Wednesday, February 14, 2018

#SpareARose - Save A Child

It's Valentine's Day - a day when people break bank to show their love.
Here's the thing, you don't have to break bank in order to show your love - or save a child with t1 diabetes. 

For $5, the cost of one rose - you can provide one month of lifesaving insulin, blood glucose tools, and life enhancing diabetes education to a t1 child in a developing country.
Many children living with t1 in developing countries don't have access to all of the above. 
To learn about Spare A Rose, and to #sparearose and make a donation, click HERE
 No child should living with diabetes should die because they don't have access to life saving insulin, diabetes supplies, and diabetes education. 

Be the the change you wish to see. 
#SpareARose, save a child. 

Friday, February 9, 2018

Shine On, Judy Reich

The DOC received the news late Wednesday night/early Thursday morning that we’d lost our friend Judy Reich, 
It’s hit many hard - me included. I’m a mess.
I am devastated over Judy’s passing - every time I tried to put something into words I burst into tears.
This one's for you, Judy~ 
Dear Judy - 
I found out the news just as I was getting ready to go bed late Wednesday night/early Thursday morning. 
It was weird - I’d just said out loud to myself, “today was better than yesterday,” and I looked at my facebook feed one last time - then it wasn’t. 
A mutual friend’s facebook status announced your passing along with a link to 8 News Now's video tribute. 
I yelled "NO" at my phone, clicked on the link and burst into tears and I couldn’t stop crying. 
I was up for hours, crying and talking online with our friends, trying to piece together the how and they whys, and trying to make sense of it, trying to find out what happened. 

And I’m still crying - and the tears keep falling.

Judy - you were a kind; funny, talented, beautiful, and phenomenal woman, I was so lucky to call you my friend, and I’m really going to miss you.

We met online first - and I’ll admit to being a little bit reserved at first, but then we met in real life at the very first UnConference - and you were so full of love and light, I was like: WOW, THIS WOMAN IS AMAZING. 
We bonded over our love of entertaining; theater, being the caretaker for our parents, my struggle to get over the loss of my mother, and both of us being maternal women with diabetes who weren’t mothers. 
That last part was big - it connected it us - and other women (and some men,) in DOC who needed feel that we not only existed - that we mattered. 
And Judy, you were a mother - you mothered and mentored so many whose lives were touched by your sparkled and joy.  

Always kind and filled with love, always making sure your friends were doing OK.

These past few days I’ve read beautiful facebook statuses and blog posts that are true testaments and tributes to the woman you were and the impact you had. 

Judy, you made a world of difference - you helped and encouraged - and you showed that 50 years living with diabetes could be done with style; grace, humor tenacity, a bit of bawdy, and boatloads of showwomanship! 

Your instant messages always seemed to flash across my screen just when I needed them most. When I was struggling; when I was feeling down or lonely - intuitively you knew it - and you started a conversation that would always make me laugh and feel inspired. 
The last time we chatted was after the holidays -both of us were short for time - it was a quick check-in with a promise to “catch-up soon, and a mutual hope that a real life meet up in 2018 was in the cards.“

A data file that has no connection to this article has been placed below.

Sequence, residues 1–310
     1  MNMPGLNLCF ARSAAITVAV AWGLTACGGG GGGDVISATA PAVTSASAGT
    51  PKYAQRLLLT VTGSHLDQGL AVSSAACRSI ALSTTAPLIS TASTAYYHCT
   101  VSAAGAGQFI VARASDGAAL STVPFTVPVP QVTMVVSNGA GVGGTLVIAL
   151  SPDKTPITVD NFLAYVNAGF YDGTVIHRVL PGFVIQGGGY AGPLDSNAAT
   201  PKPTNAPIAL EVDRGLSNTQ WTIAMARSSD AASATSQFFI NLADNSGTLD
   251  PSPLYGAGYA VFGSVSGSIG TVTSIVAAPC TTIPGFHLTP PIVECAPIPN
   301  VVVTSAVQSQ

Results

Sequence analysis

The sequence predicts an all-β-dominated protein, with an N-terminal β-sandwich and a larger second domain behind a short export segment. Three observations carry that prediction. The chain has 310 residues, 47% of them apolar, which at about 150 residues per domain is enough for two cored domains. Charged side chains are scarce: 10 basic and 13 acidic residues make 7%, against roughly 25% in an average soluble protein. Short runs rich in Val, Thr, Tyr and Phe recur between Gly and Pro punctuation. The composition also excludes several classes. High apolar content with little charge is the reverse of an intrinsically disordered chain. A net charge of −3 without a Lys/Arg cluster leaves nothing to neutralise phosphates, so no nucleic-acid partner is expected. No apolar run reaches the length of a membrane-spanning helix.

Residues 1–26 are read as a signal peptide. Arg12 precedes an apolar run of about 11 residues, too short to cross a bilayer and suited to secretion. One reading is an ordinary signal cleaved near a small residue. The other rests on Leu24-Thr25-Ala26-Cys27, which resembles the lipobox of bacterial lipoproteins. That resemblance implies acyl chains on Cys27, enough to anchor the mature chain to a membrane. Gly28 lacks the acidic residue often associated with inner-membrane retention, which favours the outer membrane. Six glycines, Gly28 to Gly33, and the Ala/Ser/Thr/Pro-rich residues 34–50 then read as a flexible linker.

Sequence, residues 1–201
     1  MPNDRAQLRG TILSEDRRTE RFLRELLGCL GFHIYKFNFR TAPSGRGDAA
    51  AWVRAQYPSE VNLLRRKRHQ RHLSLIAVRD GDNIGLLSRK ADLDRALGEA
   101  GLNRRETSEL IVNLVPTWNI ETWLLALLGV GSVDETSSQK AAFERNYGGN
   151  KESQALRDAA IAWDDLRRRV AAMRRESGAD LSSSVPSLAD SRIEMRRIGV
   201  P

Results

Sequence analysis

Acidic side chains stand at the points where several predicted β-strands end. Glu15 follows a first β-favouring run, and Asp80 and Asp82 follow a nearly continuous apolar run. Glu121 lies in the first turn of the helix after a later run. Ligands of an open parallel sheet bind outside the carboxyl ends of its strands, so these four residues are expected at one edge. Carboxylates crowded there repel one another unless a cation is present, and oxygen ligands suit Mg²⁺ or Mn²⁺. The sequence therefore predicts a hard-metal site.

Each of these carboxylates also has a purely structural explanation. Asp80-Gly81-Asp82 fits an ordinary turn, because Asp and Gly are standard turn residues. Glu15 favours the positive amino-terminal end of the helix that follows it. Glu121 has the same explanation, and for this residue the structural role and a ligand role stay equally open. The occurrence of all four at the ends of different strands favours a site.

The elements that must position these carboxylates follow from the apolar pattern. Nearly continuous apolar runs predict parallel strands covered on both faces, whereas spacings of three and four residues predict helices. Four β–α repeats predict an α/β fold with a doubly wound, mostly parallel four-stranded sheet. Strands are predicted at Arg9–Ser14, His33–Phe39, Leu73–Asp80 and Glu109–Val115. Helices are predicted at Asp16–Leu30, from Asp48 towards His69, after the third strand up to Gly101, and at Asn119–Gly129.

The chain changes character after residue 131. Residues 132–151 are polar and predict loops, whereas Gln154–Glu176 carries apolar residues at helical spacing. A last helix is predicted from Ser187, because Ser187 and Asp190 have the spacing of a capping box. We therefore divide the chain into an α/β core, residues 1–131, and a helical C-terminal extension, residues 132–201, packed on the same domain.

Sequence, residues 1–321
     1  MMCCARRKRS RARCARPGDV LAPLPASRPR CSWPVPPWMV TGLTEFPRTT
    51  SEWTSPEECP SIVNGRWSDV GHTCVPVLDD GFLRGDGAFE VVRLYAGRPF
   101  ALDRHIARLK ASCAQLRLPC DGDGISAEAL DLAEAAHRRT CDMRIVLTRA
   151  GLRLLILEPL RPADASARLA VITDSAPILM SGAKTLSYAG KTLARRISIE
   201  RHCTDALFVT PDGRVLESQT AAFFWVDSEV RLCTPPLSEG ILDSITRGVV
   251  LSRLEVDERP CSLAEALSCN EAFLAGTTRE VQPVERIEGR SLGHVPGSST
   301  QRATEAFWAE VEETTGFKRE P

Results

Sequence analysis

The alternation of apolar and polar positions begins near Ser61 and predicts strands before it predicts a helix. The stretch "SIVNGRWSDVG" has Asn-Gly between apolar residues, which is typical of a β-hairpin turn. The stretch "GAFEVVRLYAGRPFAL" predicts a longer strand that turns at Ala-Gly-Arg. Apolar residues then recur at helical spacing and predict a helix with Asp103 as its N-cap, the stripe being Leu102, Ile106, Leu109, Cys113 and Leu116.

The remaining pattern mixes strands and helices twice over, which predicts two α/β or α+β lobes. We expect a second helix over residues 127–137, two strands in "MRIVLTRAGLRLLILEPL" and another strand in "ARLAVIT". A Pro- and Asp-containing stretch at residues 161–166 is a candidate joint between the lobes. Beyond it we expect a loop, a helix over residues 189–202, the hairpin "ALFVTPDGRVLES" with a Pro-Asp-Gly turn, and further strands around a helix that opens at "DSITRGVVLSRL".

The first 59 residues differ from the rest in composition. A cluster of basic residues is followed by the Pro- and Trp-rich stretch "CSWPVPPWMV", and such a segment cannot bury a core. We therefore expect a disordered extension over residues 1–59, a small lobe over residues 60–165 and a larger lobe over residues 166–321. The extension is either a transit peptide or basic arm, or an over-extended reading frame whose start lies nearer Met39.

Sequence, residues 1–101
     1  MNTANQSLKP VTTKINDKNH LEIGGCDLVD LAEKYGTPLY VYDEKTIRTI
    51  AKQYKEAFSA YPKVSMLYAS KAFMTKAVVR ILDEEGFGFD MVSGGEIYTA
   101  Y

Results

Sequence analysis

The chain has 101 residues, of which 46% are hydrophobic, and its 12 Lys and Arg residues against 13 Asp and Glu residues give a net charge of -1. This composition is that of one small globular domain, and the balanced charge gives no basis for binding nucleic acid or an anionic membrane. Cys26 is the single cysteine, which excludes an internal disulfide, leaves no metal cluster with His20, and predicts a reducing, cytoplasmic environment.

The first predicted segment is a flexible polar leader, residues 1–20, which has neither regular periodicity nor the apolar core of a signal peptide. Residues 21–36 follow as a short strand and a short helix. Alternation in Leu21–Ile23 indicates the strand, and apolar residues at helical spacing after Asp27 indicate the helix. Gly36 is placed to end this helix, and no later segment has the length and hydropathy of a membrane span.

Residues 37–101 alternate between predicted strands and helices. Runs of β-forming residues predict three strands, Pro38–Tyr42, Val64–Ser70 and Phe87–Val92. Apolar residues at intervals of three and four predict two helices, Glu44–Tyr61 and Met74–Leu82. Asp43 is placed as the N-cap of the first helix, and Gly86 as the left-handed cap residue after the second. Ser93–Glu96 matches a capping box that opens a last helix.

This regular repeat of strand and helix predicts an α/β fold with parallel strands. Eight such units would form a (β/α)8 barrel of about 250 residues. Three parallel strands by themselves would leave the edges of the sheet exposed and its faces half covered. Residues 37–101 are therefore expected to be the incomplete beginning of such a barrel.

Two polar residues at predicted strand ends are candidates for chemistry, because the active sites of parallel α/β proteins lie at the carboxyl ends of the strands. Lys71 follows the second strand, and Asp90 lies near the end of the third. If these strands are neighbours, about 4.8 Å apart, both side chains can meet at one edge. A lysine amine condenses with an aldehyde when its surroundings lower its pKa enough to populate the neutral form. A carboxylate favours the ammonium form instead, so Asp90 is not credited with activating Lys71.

We never got that chance and that is another reason I grieve. 
I'm sad and mad that we won't get the chance to hangout again in real life. 

Judy, thank you for being my friend and for always making me smile. 
Shine bright and shine on, because you truly are a star!
I will never forget you and will miss you always.   

And to my Diabetes Online Community Family - No matter the diabetes type and in memory of Judy, I’m asking that you schedule an appointment with a cardiologist. 

I don’t have the all the specifics, but I do know that Judy’s death was cardiac related.
February is Heart Month - diabetes and heart issues go hand-in-hand - no matter what type of diabetes you live with, because diabetes and heart disease isn't just a type 2 issue.

PLEASE schedule up an appointment with a cardiologist and get checked out. 
Do it for yourself, for your family, and do it for Judy.

If want to send Judy's husband Gary and her mom Arlene Reich condolences, 
send your cards to the Diabetes Sisters offices by the end of February - they will be forwarding them in bulk to the family. 
319 N Weber Road, pmb 163, 
Bolingbrook, IL 60490

Wednesday, February 7, 2018

So...How Many Carbs In A Slice Of Satan's Toast ?

Deadlines are staring me in the face and while doing "research" on the facebook, I saw a link to the following video. 

After laughing uncontrollably, diabetes brain immediately kicked in and thought: 
I wonder many carbs Satan's toast has & will it cause extended bloodsugar spikes? 
What do you think?!

Monday, January 29, 2018


Taste the rainbow and diabetes bitchswitch, flipped.
don’t know why some people are obsessed with carrots and diabetes - but get a fucking clue, learn the facts about diabetes, and leave carrots alone - and leave me alone when I eat or buy them - because I LOVE CARROTS. 
This happened right before Christmas.
I stood there in the veggie aisle, enthralled by the display of 2 lb bags of large and organic rainbow carrots - guys, they were seriously gorgeous, dare I say stunning?  
A literal rainbow of colors - purple, orange, beige - and I couldn’t wait to embrace the rainbow of carrots, chop them up and get them in my belly!
Bonus, they were only 50 cents more than the freakish large and weirdly uniform looking Frankenstein carrots  - and I knew they were tastier, because no chemicals. 

I’d planned on making an amazing carrot ginger soup I’d recently perfected when I got home, these carrots would be perfect. I grabbed two, 2 lb bags and walked towards the produce scale a few feet away. 
 Side bar: Bagged produce doesn’t always weigh the same, so take a beat and weigh them. 
In this case, one bag weighed a 1/2 a pound more than the other - and that would be the one I placed in my cart with the other ingredients. 
As I turned to put the other bag of carrots back, I heard someone say, “You’ll get diabetes if you eat all those carrots.” 
I looked over towards the apple bins and saw a woman standing in that aisle and with what seemed to be an inordinate amount of kale in her basket, but that's besides the point. 
She stood catty-corner to the isle, looking at me and shaking her head.